Rice Gets Cooked

Embattled U.N. ambassador withdraws name from consideration for Secretary of State

December 13, 2012

United Nations Ambassador Susan Rice withdrew her name from consideration as the next secretary of state following weeks of attacks on her national security bona fides.

Rice came under intense criticism for promulgating erroneous information about the Sept. 11, 2012, attacks in Benghazi, Libya, that killed four Americans.

The Washington Free Beacon later revealed that she has investments of hundreds of thousands of dollars in several energy companies known for doing business with Iran.

Her financial entanglement with these companies was criticized as a clear conflict of interest and raised further questions about her fitness to lead the State Department.

NBC News reported Thursday that Rice had formally withdrawn her name from consideration in a letter to President Barack Obama, who had fiercely defended Rice as scrutiny of her record increased.

"If nominated, I am now convinced that the confirmation process would be lengthy, disruptive and costly—to you and to our most pressing national and international priorities," Rice wrote to Obama, according to NBC.

"That trade-off is simply not worth it to our country. ... Therefore, I respectfully request that you no longer consider my candidacy at this time," she wrote.

Foreign policy experts had said that Rice’s Iran-related investments would have come under intense scrutiny by lawmakers involved in the eventual confirmation process.

"That Susan Rice invested in companies doing business in Iran shows either the Obama administration’s lack of seriousness regarding Iran or Rice’s own immorality," said Michael Rubin, a former Pentagon adviser on Iran and Iraq, told the Free Beacon at the time her investments came to light. "Either way, her actions undercut her ability to demand our allies unity on Iran."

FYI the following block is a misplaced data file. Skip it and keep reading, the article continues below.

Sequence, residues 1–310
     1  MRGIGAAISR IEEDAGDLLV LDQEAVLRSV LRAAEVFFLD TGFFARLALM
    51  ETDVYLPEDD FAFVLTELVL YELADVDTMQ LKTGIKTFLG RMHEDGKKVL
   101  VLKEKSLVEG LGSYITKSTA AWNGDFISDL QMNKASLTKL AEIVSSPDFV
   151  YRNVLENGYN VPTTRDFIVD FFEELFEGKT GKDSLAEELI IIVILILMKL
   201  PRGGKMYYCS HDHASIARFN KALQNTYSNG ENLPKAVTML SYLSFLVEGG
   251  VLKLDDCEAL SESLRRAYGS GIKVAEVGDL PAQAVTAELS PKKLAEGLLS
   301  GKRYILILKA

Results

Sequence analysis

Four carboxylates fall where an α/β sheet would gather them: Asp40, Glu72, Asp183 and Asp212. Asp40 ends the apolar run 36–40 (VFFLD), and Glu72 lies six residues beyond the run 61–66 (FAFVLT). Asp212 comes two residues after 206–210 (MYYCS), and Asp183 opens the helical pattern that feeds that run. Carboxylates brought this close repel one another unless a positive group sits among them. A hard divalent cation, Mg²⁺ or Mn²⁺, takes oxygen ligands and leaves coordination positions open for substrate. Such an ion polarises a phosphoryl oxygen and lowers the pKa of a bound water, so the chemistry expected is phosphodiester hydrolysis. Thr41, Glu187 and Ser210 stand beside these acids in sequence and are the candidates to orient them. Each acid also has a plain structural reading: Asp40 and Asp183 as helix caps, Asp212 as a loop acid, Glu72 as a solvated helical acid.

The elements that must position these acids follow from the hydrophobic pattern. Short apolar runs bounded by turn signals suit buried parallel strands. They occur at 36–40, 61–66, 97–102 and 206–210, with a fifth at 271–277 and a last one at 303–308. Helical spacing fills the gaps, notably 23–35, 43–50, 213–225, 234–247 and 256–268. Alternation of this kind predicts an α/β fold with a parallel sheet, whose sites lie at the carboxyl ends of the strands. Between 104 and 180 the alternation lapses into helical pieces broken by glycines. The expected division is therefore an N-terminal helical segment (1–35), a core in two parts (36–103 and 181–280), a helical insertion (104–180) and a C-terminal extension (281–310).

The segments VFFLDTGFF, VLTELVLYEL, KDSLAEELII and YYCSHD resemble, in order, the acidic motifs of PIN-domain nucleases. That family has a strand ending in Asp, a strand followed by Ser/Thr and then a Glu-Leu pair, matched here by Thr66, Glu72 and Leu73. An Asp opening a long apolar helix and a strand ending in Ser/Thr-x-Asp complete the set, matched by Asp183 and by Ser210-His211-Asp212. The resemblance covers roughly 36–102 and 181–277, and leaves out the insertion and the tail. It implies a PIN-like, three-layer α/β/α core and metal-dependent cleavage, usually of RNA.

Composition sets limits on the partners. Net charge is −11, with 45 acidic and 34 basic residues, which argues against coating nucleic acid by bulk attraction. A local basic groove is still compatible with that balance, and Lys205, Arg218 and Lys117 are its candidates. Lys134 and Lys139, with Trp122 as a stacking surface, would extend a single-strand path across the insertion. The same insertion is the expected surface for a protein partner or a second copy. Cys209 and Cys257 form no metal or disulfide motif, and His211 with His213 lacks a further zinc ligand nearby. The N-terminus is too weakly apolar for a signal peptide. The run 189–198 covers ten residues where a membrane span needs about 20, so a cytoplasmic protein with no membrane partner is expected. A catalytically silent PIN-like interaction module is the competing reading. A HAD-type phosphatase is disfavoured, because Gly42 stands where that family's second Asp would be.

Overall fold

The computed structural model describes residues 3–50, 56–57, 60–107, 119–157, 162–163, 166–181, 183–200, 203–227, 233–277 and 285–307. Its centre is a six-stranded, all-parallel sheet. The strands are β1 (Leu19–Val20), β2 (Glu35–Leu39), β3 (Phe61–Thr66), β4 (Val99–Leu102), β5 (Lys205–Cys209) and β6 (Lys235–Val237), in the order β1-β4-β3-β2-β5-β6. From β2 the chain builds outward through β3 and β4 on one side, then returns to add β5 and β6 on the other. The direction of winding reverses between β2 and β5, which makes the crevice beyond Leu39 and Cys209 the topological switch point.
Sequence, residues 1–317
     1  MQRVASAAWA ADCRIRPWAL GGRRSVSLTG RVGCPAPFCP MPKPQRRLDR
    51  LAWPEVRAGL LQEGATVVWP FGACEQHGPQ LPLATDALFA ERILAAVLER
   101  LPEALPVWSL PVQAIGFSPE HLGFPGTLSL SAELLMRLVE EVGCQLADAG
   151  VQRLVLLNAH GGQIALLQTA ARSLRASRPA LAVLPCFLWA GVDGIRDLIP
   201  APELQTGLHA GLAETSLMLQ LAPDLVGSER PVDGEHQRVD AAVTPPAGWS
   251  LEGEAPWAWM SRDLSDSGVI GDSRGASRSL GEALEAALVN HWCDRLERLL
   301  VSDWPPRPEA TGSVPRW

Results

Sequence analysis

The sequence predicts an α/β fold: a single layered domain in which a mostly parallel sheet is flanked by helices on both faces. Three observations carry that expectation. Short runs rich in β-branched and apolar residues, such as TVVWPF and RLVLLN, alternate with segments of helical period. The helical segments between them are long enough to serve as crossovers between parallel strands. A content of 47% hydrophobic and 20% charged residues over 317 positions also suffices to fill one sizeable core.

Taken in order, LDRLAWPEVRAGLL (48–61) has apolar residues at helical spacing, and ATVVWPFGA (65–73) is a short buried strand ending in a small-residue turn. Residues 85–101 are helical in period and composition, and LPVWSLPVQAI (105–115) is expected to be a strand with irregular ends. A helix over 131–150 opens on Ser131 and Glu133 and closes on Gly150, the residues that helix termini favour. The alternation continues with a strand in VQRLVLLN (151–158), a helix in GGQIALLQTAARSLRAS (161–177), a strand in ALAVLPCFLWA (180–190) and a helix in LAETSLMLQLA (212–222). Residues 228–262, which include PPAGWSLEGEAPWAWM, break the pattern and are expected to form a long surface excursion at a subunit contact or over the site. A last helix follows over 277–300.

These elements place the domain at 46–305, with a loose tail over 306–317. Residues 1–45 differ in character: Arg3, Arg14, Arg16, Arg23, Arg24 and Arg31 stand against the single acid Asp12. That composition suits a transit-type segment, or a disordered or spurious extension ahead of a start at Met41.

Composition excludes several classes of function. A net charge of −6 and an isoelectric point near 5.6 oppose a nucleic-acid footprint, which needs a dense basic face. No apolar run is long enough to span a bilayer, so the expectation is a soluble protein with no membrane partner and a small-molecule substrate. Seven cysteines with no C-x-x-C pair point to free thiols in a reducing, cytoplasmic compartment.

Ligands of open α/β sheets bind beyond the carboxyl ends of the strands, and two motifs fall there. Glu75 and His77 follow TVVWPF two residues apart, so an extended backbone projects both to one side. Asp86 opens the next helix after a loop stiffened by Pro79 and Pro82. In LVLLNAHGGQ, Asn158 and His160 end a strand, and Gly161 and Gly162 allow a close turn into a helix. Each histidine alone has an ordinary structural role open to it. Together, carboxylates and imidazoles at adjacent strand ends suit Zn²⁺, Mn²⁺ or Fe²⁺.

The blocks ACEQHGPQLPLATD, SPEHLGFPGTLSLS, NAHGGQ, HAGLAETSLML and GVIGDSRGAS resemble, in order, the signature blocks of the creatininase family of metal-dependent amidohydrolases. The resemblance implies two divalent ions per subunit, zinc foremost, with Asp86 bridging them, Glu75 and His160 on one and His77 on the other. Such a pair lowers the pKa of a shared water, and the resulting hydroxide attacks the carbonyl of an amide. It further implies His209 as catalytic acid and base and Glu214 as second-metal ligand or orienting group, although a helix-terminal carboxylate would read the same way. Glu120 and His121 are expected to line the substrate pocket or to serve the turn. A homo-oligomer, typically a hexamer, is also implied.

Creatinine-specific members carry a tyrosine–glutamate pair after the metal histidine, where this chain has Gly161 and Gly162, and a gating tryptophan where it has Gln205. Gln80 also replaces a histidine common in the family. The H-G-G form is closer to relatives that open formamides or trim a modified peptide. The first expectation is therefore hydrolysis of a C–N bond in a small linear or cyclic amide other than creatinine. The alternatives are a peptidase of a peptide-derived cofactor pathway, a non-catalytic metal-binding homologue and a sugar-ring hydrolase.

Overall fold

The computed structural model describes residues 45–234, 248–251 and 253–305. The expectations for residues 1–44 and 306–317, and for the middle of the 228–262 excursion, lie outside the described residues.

NBC's Andrea Mitchell attributed Rice's withdrawal, in part, to criticisms of her investments.

"I think what happened was that it became untenable," Mitchell said Thursday. "That they began to look through--the critics began to look through all sorts of other aspects of her background, her finances, the kinds of things that would come out normally in a confirmation, but she didn't have the defense, the group around her, that you would have if you were the nominee from the White House, if you had been vetted, and had that whole array of defenses."

Rice became a lightning rod for criticism following the Benghazi assault and later came to be seen as the face of the administration’s botched response to the attack.

She appeared on several Sunday morning news programs claiming that the Benghazi assault was "spontaneous" and resulted from an anti-Islam YouTube video.

It later came to light that the attack was coordinated by an offshoot of al Qaeda and had nothing to do with the YouTube clip.

Intelligence officials have indicated that Rice’s talking points were altered by the Central Intelligence Agency to reflect a narrative about the attack that was more convenient for the Obama administration.

Rice also faced criticism for what some have described as her botched response to the atrocities in Congo.

Human rights activists and others say that Rice failed to pressure Rwandan President Paul Kagame to end the violence. Rice is said to have had a close relationship with Kagame.

Sen. John Kerry (D., Mass.) is the leading contender to replace Secretary of State Hillary Clinton now that Rice has withdrawn her name from consideration.

Fox News reported Thursday afternoon that Rice's name is being discussed for national security adviser, a position that does not require Senate confirmation.